Together with camel expert Dr. Barbara Padalino from the University of Bologna, we are collecting scientific data on camel husbandry in Pakistan. We are using this data to further develop our jointly published animal welfare protocol for camels. Our protocol will help improve camel husbandry around the world and advance their welfare. The results will also be published in scientific journals.
There are about one million camels living in Pakistan and we see some of them around Multan, Bahawalpur and Jalalpur and in the desert. The vast majority of camels we see are kept by non-sedentary livestock keepers on the naturally grown grasslands. They are mostly females, while the males are sold to be fattened elsewhere in cramped conditions.
One morning we see the many herds of camels lying side by side - a wide field of camels on the dry earth. Some animals lie sprawled sideways on the ground, not moving, while crow-like birds perch on the camels, pecking at their coats for parasites or insects. Then, one by one, Laila and her friends rise and after a time are taken by the camel owners to their grazing areas.
Some of the herds are quite slow today, so we can examine the animals at length. For our camel expert Barbara Padalino this extensive Pakistani camel husbandry is the best she has seen so far in the Arab countries: The camels can travel long distances during the day, they do not show any behavioral abnormalities (stereotypies) and their food is varied. It is also a pleasure to see that the calves often stay with the mother animal for about a year. In one place there are also roofs built by the government - that is, proper shade for the animals - which unfortunately is far too often the exception. We are especially touched by the majestic grace of the animals when they move one after the other through the desert, stand at a pond or - stretching their necks - eat the leaves of the trees.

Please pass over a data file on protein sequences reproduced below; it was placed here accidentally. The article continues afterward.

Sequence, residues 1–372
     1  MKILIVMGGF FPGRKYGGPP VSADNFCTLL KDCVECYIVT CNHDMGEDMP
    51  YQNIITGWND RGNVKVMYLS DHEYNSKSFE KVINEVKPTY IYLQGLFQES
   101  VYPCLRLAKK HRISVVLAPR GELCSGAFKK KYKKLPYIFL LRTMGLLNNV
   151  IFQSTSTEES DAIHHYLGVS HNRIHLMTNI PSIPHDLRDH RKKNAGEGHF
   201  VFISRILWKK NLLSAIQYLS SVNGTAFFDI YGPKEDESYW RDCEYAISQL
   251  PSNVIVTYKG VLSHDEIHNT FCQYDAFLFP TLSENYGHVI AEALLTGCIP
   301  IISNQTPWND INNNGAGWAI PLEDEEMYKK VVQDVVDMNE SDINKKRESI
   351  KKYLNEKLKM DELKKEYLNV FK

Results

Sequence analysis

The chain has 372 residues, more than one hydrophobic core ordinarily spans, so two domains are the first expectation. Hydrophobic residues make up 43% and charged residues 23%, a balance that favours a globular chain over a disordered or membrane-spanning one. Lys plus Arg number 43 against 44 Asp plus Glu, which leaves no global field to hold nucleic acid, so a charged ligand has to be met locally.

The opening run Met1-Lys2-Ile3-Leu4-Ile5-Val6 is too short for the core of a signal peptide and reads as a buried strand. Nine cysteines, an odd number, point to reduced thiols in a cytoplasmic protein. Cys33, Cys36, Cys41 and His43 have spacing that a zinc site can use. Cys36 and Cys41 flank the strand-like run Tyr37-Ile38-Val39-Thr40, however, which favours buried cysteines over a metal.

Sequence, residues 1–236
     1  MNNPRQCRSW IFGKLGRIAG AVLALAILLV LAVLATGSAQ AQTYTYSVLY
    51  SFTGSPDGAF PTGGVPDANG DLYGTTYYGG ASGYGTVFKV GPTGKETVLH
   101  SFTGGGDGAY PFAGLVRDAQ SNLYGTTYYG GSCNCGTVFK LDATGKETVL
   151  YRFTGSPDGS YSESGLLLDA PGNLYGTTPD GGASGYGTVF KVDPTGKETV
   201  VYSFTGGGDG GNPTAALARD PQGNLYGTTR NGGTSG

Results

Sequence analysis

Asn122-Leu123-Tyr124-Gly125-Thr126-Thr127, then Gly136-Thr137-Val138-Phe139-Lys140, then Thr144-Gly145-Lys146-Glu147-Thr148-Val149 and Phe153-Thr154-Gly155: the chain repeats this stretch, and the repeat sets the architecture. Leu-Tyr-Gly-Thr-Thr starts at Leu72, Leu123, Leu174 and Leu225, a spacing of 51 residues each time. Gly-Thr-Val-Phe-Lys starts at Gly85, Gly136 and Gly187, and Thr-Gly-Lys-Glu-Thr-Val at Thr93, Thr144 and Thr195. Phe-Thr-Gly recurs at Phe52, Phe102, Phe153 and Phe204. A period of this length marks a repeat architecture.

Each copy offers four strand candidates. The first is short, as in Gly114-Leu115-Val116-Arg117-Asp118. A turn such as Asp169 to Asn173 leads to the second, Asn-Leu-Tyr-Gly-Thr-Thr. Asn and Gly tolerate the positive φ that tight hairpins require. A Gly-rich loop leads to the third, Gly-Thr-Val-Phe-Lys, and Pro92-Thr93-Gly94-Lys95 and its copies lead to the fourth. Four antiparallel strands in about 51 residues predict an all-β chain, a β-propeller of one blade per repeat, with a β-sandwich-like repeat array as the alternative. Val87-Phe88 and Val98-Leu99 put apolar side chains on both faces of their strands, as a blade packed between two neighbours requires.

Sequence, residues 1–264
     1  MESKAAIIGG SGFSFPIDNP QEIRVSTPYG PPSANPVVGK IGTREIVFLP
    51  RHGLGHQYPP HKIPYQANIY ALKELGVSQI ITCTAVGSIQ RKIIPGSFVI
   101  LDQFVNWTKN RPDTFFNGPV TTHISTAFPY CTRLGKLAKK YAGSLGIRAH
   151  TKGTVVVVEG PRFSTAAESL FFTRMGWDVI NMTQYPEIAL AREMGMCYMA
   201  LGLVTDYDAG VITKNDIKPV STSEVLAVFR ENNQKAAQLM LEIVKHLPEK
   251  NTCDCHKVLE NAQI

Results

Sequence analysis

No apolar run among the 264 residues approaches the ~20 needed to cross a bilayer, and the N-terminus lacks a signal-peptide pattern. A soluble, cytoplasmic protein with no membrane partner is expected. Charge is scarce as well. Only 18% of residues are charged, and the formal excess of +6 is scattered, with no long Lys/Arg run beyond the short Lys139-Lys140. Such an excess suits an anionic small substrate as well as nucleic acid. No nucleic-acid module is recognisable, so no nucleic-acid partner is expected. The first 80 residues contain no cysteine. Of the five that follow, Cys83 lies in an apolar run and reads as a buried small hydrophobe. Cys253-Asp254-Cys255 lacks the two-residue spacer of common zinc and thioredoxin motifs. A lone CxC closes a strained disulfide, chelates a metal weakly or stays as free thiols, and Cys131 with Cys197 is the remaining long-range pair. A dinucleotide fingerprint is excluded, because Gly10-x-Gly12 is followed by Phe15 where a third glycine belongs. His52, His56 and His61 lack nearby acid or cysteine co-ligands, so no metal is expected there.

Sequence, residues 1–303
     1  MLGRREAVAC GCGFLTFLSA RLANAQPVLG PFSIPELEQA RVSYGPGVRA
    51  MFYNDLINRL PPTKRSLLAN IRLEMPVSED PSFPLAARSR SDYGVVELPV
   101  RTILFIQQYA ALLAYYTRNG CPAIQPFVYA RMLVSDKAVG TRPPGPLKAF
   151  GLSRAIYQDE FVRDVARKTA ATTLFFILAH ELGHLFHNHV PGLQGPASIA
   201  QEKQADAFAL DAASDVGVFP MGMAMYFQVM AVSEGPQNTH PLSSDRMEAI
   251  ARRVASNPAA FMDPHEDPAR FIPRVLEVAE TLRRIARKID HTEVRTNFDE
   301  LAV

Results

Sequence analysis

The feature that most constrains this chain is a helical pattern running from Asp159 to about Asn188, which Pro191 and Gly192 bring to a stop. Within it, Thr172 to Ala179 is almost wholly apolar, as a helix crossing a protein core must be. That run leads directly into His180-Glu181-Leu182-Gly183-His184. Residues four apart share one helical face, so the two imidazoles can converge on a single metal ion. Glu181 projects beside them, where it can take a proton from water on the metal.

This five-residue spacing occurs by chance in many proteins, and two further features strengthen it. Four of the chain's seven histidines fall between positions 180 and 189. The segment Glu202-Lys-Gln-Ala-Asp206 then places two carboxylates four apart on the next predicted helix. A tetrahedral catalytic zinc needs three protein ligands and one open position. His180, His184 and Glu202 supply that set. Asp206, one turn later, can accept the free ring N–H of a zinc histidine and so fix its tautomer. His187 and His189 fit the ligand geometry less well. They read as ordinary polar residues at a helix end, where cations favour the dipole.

On our own, we would not find the remote, wandering herds of camels. So we are grateful to the head of the pastoralists Shah Baig and Professor Ali Raza Abbasi for their contacts with the animal keepers.